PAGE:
Tuesday, December 29, 2015

Anchovies as Pizza Toppings Reveal Much

Two beliefs about the significance of ordering anchovies as pizza toppings.

Jan Harold Brunvand, Too Good To Be True, rev. ed. (New York & London: W. W. Norton, 2014), 290.

I got another twist on pizza delivery in a letter from a reader in Australia. The writer had heard that the Goliath of the industry there (Guess who?) had an agreement with the city’s drug squad. Whenever a delivery person suspected that the people who had ordered pizza might be under the influence of drugs (“and especially if they ordered double anchovies”), then the driver would immediately notify local police to stage a raid.

Supposedly, in return for this reporting service, the pizza company’s drivers never received speeding tickets. Personally, I wouldn’t trust anyone who would order even a regular-size dose of anchovies on their pizza.

Moira Marsh, Practically Joking (Logan: Utah State University Press, 2015), 50-1.

A popular … practical joke is ordering pizzas by phone to be delivered to an unwitting target. Many pizza delivery businesses get two to three such orders every day, so employees are on the alert for bogus orders. “We’ve had our share of people ordering pizzas for nonexistent people or for people they don’t like,” one told me. “Weird-sounding orders are suspect.” “Hold the anchovies” is a frequent stock phrase in the American popular press whenever the pizza business is being talked about…. The perception is that the little salty fish are not a popular choice on pizzas in this country (although they may be more in favor in other countries)…. Accordingly, pizza company workers recognize that orders with anchovies are unusual, and therefore suspicious. More than once I was told, “If the order is fake, they order anchovies.”

This observation may be another example of the tendency to explain anomalies as fabrications. However, it is possible that practical jokers who phone in bogus orders do include the anchovies, even though this choice might tend to discredit the trick and cause the fabrication to fail. Some absurdity is necessary to ensure that the fabrication stays within the realm of play. If the absurd anchovies are present, the implied argument is that the targets should have recognized the trick; if they do not, the fault lies with them. While I do not have direct experience of people who phone in bogus pizza orders, this suggestion is based on observations from many other practical jokes.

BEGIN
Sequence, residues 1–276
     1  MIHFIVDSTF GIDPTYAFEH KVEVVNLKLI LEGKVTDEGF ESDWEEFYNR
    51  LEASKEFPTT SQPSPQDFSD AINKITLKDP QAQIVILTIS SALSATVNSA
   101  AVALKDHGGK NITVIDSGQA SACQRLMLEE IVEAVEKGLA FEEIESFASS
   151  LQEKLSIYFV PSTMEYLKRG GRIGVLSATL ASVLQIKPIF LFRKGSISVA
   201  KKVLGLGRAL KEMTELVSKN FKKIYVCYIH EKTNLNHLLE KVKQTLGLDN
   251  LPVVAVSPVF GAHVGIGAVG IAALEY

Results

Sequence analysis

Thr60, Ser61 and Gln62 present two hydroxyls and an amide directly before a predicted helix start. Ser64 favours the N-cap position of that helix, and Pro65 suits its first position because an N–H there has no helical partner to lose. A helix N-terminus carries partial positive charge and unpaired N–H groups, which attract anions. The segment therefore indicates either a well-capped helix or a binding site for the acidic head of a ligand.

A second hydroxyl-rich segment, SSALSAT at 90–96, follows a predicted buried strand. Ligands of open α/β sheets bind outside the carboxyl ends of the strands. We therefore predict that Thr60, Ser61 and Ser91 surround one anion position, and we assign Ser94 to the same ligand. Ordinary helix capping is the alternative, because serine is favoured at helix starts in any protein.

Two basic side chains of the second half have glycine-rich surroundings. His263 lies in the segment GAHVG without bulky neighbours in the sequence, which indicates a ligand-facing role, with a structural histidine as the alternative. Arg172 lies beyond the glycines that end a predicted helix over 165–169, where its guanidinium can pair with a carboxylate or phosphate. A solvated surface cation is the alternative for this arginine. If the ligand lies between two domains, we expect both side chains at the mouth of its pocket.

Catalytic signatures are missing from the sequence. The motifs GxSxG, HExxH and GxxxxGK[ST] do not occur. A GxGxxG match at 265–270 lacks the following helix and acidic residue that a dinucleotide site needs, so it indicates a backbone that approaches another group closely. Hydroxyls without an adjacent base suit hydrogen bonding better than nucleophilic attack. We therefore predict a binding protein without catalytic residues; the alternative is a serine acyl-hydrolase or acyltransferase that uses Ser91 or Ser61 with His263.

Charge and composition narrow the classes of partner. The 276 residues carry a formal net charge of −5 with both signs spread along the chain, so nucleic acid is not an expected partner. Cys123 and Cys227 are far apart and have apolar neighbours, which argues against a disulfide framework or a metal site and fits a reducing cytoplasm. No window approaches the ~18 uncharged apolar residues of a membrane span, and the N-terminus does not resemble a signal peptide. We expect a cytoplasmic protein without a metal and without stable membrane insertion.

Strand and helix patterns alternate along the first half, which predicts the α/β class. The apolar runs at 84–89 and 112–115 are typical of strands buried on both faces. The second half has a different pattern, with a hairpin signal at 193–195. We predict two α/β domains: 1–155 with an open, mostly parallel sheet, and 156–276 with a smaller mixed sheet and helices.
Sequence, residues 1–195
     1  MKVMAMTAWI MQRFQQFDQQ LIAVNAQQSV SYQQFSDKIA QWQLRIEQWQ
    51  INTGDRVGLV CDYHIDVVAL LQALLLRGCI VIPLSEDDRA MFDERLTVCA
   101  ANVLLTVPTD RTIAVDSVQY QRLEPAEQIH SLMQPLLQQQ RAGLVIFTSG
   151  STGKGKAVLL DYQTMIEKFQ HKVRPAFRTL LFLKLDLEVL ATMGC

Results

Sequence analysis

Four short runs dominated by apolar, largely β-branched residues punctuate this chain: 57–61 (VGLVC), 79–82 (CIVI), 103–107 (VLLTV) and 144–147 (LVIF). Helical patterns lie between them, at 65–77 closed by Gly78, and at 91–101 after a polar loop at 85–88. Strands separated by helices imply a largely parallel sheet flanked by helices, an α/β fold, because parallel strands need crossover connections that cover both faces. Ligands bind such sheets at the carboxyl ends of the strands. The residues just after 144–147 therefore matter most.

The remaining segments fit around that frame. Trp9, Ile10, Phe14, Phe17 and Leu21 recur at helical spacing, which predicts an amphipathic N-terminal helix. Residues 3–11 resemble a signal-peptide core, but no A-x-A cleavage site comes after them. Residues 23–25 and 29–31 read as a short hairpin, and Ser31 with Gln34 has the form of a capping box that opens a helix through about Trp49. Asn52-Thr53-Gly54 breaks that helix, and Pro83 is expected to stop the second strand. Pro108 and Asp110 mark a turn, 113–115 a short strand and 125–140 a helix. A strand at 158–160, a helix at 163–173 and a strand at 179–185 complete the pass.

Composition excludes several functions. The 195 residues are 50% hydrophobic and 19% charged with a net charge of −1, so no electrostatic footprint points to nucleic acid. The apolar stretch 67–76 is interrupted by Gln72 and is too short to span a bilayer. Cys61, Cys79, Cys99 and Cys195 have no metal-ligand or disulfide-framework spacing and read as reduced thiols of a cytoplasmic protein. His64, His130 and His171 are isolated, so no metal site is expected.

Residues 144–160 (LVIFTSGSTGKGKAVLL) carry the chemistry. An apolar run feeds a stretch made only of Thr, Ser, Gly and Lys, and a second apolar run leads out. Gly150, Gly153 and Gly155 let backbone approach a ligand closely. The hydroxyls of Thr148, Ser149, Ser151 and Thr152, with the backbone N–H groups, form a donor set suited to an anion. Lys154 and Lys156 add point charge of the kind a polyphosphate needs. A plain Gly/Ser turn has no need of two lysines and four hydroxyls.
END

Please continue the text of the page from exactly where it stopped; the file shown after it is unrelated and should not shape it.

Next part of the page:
Wednesday, December 23, 2015

Jumping Rope 100 Times -- And Dying

It used to be considered dangerous for girls to jump rope excessively; they risked illness, a dislodged uterus, or even death.

Fort Wayne (Indiana) Sentinel, 17 July 1858


To make exactly one hundred jumps seems to have been an especially risky endeavor.

Bluefield (West Virginia) Daily Telegraph, 23 March 1905


Chad Lewis, Hidden Headlines of Wisconsin (Eau Claire, WI: Unexplained Research Publishing Company, 2007), p. 12.

Jumps Rope 100 Times
Dies Within An Hour

LA CROSSE – Gretchen Henschel, aged 8 years, died here yesterday as the result of jumping rope. She jumped 100 times in succession, then went into the house and became suddenly ill. Death resulted in an hour. – Milwaukee Journal, April 21, 1902.

Biloxi Daily Herald, 31 May 1906


Always Farther On

Have you ever heard the story
Of the girl of whom ‘twas said
She jumped the rope one hundred times
And suddenly fell dead?
Of course you never met her
Because it was her fate
To live in some far country
Off in another state [...]